The DFR Act: A Double-Edged Sword for the American Drone Industry - 1UP Drones

The DFR Act: A Double-Edged Sword for the American Drone Industry

The DFR Act:
A Double-Edged Sword for the American Drone Industry

Written by Richard Armstrong – 1UP Drones Software Engineer, June 2024

The Drones for First Responders (DFR) Act, spearheaded by Congresswoman Elise Stefanik, promises to bolster U.S. national security by imposing stringent tariffs on Chinese drones and components. While the legislation aims to promote American-made drones, it simultaneously threatens to destabilize the entire drone ecosystem. Home FPV (First Person View) drone builders, commercial drone pilots, and even American drone manufacturers find themselves caught in the crossfire. Discover how this ambitious act could reshape the drone industry and why its implications extend far beyond first responders.

The DFR Act: A Double-Edged Sword for the American Drone Industry
The DFR Act: A Double-Edged Sword for the American Drone Industry

This article will delve into the intricacies of the DFR Act, highlighting its potential impacts on various stakeholders in the drone industry and exploring the broader economic and technological consequences. Stay tuned to learn more about this controversial legislation and its far-reaching effects.

Key Provisions of the DFR Act

1. Tariffs on Chinese Drones and Components:

    • The Act imposes an initial 30% tariff on drones and components from China, increasing by 5% annually until 2030. This measure targets Chinese companies, particularly DJI, to reduce their dominance in the U.S. market by making their products more expensive.
    • These tariffs are categorized under subheading 8806 in the Harmonized Tariff Schedule, ensuring a structured application based on drone specifications and weights.

2. Ban on Chinese Components:

    • By 2030, the Act requires that drones imported into the U.S. must not contain any critical components manufactured in China. This ban aims to eliminate potential security risks associated with Chinese-made components in drones.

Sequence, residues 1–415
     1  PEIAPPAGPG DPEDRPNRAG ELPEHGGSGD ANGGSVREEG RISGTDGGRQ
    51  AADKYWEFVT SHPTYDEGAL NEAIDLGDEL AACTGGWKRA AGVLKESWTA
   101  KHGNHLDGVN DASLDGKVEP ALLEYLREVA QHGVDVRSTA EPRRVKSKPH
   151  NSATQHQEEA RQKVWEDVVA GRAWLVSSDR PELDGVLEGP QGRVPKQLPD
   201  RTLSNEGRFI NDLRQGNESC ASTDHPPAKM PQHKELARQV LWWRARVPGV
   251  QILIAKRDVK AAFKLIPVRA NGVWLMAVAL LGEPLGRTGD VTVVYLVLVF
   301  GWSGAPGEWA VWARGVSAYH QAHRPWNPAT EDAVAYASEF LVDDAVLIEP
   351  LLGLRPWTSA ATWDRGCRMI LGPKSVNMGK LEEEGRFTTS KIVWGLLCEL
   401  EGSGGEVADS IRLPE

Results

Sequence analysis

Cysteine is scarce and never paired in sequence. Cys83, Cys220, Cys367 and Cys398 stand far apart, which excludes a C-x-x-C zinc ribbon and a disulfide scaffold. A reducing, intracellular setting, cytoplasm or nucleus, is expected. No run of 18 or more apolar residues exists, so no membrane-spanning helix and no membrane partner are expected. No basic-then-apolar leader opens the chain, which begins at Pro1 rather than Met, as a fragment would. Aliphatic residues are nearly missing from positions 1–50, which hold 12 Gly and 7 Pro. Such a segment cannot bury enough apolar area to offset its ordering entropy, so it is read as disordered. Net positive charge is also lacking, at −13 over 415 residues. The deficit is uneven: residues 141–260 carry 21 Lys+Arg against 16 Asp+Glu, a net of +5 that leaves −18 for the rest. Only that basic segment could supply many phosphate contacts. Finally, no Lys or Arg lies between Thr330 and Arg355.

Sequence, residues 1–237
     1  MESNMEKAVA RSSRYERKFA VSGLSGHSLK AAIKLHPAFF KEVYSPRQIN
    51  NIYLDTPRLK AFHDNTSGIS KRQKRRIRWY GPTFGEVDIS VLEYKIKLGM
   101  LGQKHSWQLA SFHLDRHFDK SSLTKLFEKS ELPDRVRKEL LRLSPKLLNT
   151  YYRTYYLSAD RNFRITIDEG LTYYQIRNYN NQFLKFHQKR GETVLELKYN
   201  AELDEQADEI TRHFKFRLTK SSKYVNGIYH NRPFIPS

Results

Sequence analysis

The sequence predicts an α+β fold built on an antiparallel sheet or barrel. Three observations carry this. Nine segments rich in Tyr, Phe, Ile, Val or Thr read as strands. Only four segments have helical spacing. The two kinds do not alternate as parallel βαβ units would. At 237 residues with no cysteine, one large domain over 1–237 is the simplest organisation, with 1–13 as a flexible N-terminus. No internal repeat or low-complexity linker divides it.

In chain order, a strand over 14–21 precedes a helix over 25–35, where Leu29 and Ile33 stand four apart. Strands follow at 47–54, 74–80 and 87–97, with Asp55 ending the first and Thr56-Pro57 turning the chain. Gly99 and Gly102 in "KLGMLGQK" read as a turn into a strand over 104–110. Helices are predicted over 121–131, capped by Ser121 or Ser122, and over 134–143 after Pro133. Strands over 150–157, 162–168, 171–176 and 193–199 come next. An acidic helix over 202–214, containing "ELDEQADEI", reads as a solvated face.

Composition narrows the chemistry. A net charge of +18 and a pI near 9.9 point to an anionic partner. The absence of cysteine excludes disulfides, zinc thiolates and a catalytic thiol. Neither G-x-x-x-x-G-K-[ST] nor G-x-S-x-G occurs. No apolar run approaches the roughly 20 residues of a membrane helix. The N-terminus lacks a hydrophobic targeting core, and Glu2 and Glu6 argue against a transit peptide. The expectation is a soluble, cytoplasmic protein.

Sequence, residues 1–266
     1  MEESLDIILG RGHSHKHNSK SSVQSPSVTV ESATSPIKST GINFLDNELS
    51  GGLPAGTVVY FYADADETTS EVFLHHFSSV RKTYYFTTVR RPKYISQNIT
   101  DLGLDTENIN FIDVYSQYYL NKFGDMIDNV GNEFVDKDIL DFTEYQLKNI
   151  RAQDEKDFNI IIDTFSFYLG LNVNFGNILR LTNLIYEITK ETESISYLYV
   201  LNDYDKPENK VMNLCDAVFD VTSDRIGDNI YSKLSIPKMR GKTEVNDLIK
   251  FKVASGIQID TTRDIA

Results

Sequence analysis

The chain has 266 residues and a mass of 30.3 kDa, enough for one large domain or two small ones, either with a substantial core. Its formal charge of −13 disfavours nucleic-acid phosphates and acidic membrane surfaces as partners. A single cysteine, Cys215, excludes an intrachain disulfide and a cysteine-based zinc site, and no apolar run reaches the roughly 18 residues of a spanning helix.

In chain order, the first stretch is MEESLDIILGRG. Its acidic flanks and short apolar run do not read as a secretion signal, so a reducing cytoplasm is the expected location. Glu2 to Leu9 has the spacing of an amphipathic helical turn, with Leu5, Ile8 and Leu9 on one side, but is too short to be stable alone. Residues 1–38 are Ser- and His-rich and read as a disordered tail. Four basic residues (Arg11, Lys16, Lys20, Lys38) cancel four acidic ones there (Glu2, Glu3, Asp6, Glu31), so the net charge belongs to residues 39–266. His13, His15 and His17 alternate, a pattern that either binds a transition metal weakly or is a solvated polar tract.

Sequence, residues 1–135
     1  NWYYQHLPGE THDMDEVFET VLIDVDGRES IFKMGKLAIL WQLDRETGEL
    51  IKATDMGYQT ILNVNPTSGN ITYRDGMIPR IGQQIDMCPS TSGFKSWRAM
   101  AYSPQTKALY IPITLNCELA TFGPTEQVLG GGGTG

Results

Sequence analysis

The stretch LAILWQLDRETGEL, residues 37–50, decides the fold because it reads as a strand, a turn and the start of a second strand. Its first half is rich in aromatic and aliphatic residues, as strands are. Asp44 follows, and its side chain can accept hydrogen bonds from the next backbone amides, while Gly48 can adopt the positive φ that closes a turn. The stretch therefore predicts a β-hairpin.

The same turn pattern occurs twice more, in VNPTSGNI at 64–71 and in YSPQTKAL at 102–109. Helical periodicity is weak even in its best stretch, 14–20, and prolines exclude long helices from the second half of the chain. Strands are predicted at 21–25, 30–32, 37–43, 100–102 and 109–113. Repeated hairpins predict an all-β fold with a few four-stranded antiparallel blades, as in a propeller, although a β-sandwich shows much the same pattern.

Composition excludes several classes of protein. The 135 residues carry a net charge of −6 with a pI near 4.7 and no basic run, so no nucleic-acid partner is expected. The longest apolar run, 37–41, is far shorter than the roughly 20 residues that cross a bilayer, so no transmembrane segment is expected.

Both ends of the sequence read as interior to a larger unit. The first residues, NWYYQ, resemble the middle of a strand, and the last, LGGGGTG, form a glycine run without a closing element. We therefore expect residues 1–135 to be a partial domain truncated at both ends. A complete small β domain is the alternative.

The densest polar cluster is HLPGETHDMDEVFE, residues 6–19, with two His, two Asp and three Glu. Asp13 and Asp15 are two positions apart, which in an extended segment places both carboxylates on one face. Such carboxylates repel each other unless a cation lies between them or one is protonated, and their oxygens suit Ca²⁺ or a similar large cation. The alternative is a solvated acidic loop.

3. Grant Program:

    • The revenue from these tariffs is intended to fund a grant program for first responders, critical infrastructure providers, and farmers to purchase secure, American-made drones. This program aims to enhance the competitiveness of U.S. drone manufacturers.

Impact on Home FPV Drone Builders and American Drone Manufacturers

The DFR Act’s ban on Chinese-manufactured components by 2030 significantly impacts home FPV (First Person View) drone builders, American drone manufacturers and even radio control aircraft hobbyists. Many critical drone parts, such as motors, flight controllers, and cameras, are predominantly produced in China. Since American manufacturers do not currently produce these components at competitive prices or with comparable quality, they rely heavily on Chinese imports. The ban would disrupt their supply chains, making it difficult for them to produce drones economically and efficiently.

Economic Impact on Small Drone Businesses and Drone Technology

The tariffs will raise the costs of drones and parts, significantly affecting small businesses that rely on affordable drones for their operations. Commercial drone pilots and small drone businesses, which depend on these affordable drones, will struggle with the increased costs. The absence of competitively priced American alternatives means that many small businesses might not be able to afford the drones necessary to sustain their operations, potentially leading to mass closures of drone companies, and a severe cooling-off of drone technology advancements, driven and funded historically through recreational and commercial end-consumer sales and demand, and not enterprise or government sales.